War stories from the front lines of network security

A consultant relates a couple of real-life experiences he had while security testing.

By Joseph W. Popinski III, CPP CISSP CISM

Over the past five years of managing network vulnerability assessments and penetration tests as a consultant, I've uncovered several "situations" that, from a network security viewpoint, border on the unbelievable. Below are two brief accounts. Could either of these happen to your company?

Just make it work!
During a vulnerability assessment of a small professional company's office network, I discovered a network wiring connection "error" that appeared to allow both internal and external e-mail to operate efficiently. The office manager hired a local network wiring vendor to design, install, and configure the office's network, which consisted of servers, workstations, printers, wireless access points, and other miscellaneous devices. The vendor provided and installed a hardware firewall that provided security control functionality between the internal network and the company's Internet connection used for Web access.

The company initially limited itself to internal e-mail between management and staff. However, over time, the temptation to use e-mail to correspond with the rest of the world via the Internet was too great, and the office manager asked the network wiring vendor to arrange external e-mail and just make it work. The vendor installed and configured an e-mail server. Management and staff were absolutely delighted with this new capability to correspond electronically with just about anyone on the Internet.

One of the first steps in performing a network vulnerability assessment is to review and understand the topology or architecture of the network under study. Architectural analysis showed that the e-mail server had two network interface cards installed. One terminated on the core switch and the other outside of the firewall. The network wiring vendor was asked about this wiring configuration and replied that it was the only way he could get the external e-mail to the mail server because he couldn't figure out how to build a firewall rule to allow SMTP traffic through the firewall. This dual-homed NIC capability on the mail server effectively bypassed the firewall, rendering any protection it provided useless.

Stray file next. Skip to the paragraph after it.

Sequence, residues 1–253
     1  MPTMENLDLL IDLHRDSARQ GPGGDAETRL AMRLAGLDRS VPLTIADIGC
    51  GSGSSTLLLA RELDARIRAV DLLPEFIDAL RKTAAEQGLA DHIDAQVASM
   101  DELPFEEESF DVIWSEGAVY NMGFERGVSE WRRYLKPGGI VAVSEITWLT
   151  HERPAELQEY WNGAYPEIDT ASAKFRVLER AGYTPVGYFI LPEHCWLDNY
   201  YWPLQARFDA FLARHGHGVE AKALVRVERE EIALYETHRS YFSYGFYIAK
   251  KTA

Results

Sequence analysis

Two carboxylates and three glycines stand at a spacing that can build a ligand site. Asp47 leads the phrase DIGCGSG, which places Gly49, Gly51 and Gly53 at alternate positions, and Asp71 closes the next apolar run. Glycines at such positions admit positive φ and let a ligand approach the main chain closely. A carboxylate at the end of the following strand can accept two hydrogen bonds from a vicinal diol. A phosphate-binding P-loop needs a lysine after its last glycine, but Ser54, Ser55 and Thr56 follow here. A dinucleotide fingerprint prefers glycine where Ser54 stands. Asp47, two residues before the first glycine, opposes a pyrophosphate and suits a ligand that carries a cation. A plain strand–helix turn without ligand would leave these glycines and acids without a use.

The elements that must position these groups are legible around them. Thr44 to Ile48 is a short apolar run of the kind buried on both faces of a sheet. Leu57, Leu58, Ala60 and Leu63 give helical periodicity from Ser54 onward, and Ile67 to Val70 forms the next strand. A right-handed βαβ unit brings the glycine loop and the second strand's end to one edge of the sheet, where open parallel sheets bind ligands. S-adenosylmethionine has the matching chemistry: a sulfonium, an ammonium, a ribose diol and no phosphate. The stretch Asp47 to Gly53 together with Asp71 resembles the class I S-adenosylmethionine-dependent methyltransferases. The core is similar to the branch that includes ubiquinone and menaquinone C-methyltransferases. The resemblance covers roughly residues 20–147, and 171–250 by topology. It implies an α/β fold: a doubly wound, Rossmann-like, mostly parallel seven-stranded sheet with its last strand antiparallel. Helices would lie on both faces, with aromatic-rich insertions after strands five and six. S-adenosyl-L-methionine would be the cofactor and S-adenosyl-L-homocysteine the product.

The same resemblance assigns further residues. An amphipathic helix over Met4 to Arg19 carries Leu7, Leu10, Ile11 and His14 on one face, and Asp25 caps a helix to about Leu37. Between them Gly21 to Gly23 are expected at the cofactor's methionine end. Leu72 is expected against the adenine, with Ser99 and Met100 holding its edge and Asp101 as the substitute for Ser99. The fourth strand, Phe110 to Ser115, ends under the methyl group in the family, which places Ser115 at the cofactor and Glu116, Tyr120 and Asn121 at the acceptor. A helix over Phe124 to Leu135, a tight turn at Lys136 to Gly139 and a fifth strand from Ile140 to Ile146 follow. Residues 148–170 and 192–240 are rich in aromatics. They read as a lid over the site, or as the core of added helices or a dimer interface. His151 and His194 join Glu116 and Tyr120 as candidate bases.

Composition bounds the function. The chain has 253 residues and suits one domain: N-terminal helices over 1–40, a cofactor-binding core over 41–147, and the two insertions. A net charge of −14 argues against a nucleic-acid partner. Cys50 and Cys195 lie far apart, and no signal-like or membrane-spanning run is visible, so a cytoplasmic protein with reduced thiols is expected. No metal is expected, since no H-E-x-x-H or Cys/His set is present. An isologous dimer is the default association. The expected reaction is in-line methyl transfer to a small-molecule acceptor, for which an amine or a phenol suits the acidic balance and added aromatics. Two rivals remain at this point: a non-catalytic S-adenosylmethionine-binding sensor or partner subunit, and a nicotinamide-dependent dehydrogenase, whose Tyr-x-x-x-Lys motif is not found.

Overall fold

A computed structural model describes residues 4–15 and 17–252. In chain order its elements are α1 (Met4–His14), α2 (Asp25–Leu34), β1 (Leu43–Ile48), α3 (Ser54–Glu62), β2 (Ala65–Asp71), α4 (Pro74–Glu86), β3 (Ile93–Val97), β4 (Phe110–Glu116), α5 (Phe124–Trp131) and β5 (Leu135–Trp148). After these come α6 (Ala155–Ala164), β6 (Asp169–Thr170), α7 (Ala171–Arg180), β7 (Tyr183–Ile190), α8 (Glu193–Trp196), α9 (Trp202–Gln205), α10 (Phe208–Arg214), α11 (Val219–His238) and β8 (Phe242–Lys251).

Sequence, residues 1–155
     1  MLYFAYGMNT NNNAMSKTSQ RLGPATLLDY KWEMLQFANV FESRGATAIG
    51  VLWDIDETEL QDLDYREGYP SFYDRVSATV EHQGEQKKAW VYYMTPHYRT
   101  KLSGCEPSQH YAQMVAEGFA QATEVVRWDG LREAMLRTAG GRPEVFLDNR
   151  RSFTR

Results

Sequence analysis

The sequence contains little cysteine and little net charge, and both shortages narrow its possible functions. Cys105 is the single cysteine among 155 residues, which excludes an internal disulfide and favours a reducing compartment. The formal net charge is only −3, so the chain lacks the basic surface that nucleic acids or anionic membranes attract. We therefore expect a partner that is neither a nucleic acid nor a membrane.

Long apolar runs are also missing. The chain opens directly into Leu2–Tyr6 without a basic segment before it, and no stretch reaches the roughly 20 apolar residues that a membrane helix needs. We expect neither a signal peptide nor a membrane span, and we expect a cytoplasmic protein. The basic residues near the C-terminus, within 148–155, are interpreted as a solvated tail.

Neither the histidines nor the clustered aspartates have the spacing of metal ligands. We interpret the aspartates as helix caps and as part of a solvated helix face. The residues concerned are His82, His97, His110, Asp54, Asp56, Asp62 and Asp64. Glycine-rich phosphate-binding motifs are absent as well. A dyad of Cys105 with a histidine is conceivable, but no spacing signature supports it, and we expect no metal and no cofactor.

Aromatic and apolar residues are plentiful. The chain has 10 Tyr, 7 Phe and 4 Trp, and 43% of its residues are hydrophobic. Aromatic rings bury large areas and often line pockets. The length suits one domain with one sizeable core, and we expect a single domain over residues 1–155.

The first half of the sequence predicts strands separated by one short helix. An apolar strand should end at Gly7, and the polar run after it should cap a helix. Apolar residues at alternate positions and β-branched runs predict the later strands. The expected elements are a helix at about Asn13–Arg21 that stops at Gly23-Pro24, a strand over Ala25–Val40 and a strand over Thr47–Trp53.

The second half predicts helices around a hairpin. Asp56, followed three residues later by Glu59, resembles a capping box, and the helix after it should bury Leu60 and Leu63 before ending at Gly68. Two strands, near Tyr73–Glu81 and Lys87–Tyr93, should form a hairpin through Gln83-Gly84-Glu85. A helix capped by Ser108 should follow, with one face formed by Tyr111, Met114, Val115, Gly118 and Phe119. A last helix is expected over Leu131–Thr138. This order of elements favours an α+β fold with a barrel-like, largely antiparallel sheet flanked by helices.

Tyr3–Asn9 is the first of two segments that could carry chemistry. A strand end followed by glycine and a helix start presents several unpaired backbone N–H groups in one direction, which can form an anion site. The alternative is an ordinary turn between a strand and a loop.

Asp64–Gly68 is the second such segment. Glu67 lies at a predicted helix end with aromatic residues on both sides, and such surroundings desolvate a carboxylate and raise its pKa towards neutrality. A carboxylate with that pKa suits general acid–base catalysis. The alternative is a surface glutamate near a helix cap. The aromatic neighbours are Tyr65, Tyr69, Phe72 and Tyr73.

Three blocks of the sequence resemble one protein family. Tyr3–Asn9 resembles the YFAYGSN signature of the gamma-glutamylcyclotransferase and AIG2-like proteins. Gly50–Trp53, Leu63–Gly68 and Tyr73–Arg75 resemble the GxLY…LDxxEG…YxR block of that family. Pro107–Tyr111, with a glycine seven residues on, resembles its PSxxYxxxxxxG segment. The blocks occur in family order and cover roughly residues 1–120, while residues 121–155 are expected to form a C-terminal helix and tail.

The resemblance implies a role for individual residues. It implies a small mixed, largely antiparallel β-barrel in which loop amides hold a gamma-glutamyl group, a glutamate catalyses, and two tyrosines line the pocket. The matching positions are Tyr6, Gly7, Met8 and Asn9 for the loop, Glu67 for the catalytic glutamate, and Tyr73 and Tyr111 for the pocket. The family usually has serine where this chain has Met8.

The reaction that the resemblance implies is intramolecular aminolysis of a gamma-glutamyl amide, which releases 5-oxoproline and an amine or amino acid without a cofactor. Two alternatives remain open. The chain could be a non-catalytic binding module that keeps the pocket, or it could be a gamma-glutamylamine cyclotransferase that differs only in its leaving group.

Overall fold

When we analyzed the data, we saw that the servers had been compromised and root kits installed allowing access to the company's sensitive proprietary information. We also determined that one of the servers was set up as a relay for attacking other sites on the Internet. Needless to say, the company was shocked by the exposure they had from this seemingly simple external e-mail solution.

The moral of this story is to hire a qualified consultant to make any architectural or functional changes to your network, and then make sure that your integrity has not been compromised by these changes.

Dial access, who cares?
On Monday morning, a CIO from a health care company called to ask for help. "Can you help me figure out what's going on here?" he asked. We replied, "Can you tell me a little more about your situation?" The CIO told us that since late Friday his T-1 line to his ISP was almost fully saturated with outgoing traffic and his staff was somewhat at a loss to determine the source of this traffic. This health care company relies very heavily on their Internet connectivity for customer inquiry, insurance claims filing, sales, and other business functions. In fact, without their Internet connection they would be hard pressed to do any business at all. So a "loss" of their Internet access was a major disruption both operationally and financially.

It didn't take long to determine what happened. The company was very diligent in administering its firewall and limiting conduits to just the ones needed to support their business functions. The system administrators were competent in setting up the firewall, core switches, and servers. However, the company had not yet moved to the VPN world and relied heavily on dial access for remote users. When we analyzed the remote access server (RAS), we saw that there were more authorized/active accounts than employees, let alone employees who needed remote dial access.

Forensics analysis showed that an outside hacker had gained access to the internal network via a RAS account, which was still set to default values. Once inside the network, he got access to a file/print server and the firewall. A conduit through the firewall was installed, a video file loaded to the file/print server, and its location announced to the "dark side" of the internet world.

So over the weekend, multiple outgoing downloads of the video file just about consumed all of the company's T-1 Internet connection bandwidth. The culprit was left-in default values in the dial access server. It almost put this company out of business for several days.

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